Doctrine vs. Practice
In theory, there should be a very clear-cut distinction between the doctrine and the practice of a church. Doctrine comprises the core beliefs that are typically considered to be religious truth, and therefore unchangeable. How a church operates and practices those beliefs often changes with interpretation and the shifting moral norms. This is very easy to pick out when dealing with historical changes. The challenge is in separating current practices from the doctrine they are founded upon.
While doctrine is usually considered unchangeable, changes in practice can re-cast doctrines in a different light, or otherwise change the interpretation of the doctrine, which can sometimes lead to doctrinal shifts over time. This can make it even trickier to separate the two.
An additional way in which things get obfuscated is people making up pseudo-doctrine to account for a particular practice. This regularly happens when trying to justify current practices that don’t necessarily stem directly from doctrine, and such false doctrines often persist long after the practice they were invented to justify is discontinued.
For example, prior to 1978, black men were not ordained to the priesthood in the LDS Church. While there is at least one documented case that I know of where the founder of the Church, Joseph Smith, ordained a black man to the priesthood, it was determined that this should not happen early in the history of the Church. For many years afterwards, particularly as the modern civil rights era came along, members often felt they had to justify this practice. They often turned to non-doctrinal statements made by Church leaders assuming and promoting it as doctrine. Pseudo-doctrinal justification that was widely circulated include:
- Blacks were “fence-sitters” in the pre-mortal war in heaven
- Black skin marks the posterity of Cain and so, those who are spiritually cursed or inferior
Both of these are false doctrines twisted from true ones in order to justify a racist practice. When the practice was changed in 1978 by an official declaration, it was made clear that these justifications were false. The declaration re-emphasized the doctrine that “all are alike unto God” who has no “regard for race or color.” Another true doctrine that could be read between the lines as responsible for the practice in the first place is that this is an imperfect church in an imperfect world with imperfect men to guide it. There will occasionally be practices either corrupted by or adapted to this environment. My personal belief is that there is great significance in this period of discrimination as having coincided with the years leading up to the Civil War and ending not long after the height of the Civil Rights era. Admittedly, that still doesn’t make the discrimination right.
This is just one illustration of why it is so important to be able to recognize the difference between doctrine the practices; so that when we are faced with an imperfect practice supported by pseudo-doctrine, we will be able to find the obscured truth that will guide us closer to God while still accepting the imperfect. Changes to practices are an important part of progress.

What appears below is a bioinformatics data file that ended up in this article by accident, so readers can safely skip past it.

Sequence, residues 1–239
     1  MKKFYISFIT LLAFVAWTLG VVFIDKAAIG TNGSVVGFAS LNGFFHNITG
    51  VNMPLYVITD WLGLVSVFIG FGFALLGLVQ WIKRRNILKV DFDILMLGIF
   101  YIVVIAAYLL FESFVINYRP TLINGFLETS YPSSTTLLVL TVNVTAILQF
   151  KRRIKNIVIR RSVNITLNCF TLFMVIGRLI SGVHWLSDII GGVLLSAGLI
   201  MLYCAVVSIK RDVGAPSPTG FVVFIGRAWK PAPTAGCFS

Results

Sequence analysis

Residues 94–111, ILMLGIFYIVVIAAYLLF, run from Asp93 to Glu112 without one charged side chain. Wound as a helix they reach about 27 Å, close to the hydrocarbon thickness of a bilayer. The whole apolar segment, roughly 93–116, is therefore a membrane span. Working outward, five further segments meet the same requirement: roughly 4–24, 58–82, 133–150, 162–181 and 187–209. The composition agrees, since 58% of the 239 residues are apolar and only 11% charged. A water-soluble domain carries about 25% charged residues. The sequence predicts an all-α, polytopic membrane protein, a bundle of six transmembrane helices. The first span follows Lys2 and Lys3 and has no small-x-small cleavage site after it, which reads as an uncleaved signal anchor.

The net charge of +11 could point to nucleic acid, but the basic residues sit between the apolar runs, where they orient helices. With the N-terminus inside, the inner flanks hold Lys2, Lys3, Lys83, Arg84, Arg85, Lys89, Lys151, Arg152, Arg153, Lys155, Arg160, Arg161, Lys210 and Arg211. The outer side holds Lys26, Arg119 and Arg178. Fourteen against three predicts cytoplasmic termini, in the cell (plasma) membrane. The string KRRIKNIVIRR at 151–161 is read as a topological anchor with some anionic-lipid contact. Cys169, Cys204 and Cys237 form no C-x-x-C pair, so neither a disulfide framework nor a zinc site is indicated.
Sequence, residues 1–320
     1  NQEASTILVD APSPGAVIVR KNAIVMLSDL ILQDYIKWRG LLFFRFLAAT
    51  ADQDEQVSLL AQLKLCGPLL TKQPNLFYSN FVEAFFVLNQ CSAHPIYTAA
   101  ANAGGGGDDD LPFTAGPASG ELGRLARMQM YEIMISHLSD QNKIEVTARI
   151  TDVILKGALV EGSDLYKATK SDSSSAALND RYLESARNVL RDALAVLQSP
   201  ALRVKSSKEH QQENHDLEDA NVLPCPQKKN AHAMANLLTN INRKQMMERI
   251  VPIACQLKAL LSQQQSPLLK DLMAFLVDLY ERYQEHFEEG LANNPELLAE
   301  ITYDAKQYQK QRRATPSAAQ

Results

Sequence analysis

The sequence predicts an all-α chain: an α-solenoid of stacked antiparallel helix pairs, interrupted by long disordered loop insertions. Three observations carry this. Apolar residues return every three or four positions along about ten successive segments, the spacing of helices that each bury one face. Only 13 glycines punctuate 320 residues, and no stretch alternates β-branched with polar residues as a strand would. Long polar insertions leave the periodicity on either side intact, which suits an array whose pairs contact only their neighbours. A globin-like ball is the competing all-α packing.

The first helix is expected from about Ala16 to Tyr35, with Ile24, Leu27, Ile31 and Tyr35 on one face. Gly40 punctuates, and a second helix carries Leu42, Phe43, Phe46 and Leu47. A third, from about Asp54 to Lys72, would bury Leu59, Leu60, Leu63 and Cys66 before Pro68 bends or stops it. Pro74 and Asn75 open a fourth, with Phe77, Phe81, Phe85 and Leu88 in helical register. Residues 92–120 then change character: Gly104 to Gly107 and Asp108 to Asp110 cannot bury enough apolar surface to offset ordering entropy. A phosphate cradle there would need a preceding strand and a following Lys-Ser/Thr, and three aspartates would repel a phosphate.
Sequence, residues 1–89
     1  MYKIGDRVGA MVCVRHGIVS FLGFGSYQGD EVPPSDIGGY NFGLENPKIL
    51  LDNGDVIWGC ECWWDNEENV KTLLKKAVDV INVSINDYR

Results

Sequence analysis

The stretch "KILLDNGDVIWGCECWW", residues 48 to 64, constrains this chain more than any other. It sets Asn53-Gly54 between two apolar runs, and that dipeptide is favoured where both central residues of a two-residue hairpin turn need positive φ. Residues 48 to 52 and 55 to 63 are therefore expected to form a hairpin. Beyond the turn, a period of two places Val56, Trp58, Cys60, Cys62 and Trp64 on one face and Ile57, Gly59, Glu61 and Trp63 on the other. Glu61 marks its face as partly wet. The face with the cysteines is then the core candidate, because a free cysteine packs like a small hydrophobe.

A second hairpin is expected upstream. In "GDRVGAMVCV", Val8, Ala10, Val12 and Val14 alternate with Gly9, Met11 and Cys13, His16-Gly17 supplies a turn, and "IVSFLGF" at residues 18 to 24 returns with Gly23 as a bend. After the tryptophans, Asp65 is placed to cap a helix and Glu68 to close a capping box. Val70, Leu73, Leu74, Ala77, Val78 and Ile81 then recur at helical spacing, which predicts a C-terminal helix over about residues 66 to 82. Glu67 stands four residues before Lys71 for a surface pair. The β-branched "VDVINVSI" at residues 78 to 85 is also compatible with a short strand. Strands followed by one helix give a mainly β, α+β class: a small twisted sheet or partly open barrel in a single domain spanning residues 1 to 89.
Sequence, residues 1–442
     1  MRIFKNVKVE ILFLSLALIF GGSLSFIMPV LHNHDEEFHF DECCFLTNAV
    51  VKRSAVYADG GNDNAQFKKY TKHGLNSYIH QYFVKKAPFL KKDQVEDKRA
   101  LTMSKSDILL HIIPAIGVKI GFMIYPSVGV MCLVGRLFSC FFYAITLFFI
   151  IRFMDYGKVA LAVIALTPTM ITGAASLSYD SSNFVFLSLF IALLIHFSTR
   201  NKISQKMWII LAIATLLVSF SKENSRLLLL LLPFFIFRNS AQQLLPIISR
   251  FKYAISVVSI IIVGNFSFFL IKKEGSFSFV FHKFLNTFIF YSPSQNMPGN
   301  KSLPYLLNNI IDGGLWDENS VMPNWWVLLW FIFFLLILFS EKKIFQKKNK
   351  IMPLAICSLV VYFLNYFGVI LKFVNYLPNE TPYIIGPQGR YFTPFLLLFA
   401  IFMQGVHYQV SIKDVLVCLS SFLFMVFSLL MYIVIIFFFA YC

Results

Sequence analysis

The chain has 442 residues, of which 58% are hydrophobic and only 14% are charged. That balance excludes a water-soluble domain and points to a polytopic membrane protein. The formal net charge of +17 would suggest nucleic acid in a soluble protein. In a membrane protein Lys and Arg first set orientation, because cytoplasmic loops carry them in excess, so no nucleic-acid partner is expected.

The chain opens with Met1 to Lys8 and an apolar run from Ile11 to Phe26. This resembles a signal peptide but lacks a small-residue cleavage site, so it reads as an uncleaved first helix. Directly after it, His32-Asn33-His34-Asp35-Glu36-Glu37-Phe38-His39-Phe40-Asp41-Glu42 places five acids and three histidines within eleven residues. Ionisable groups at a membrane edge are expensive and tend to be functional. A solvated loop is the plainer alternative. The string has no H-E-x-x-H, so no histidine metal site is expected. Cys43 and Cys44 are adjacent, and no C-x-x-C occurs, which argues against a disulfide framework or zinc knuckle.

There are two other LDS practices with associated doctrine that I wish to discuss. The first is relatively easy to accept, the second might be harder for some people. I will first discuss the Word of Wisdom, and then polygamy.
The Word of Wisdom (see D&C 89) was introduced in 1833 as a “principle with a promise”. It was a code of health given to the Church advising against tobacco, alcohol and “hot drinks” (clarified as coffee and tea), and encouraging the consumption of grains and vegetables. It was originally given specifically NOT as a commandment. As such, it is fairly straightforward to separate the current practice of the Church, requiring compliance with key points as prerequisites for both baptism and temple attendance, from the doctrine, which is simply that of blessings promised for compliance and the principle that God cares about what we do to our bodies.
With the current practice being so obviously extrapolated from the original intent of the doctrine, it is subject to change. In fact, there is an indication that it will change to some degree in a prophecy related to the Second Coming. In Mark 14:25 it states that when the kingdom of God comes, Christ will drink with us from the “fruit of the vine.” As wine is currently forbidden by Church practice, an exception will eventually be made.
On the other side of things we have the doctrine of polygamy. Polygamy was formally introduced in 1843 and was a common practice, especially among the leadership of the Church, until 1890, when it was ended by “manifesto.” Polygamy had generally become embraced by the members of the Church at that time, partly because there were many widows as well as an overpopulation of women due to the persecutions the Church had endured before migrating West, and it was seen as an effective way of caring for them. The declaration discusses the political and legal pressure that the Church was under at that time as result of the practice. The Church was also lobbying for statehood. Wilford Woodruff, the President of the Church at the time, conclusively ended the practice. Existing marriages were left intact, but no new ones were allowed.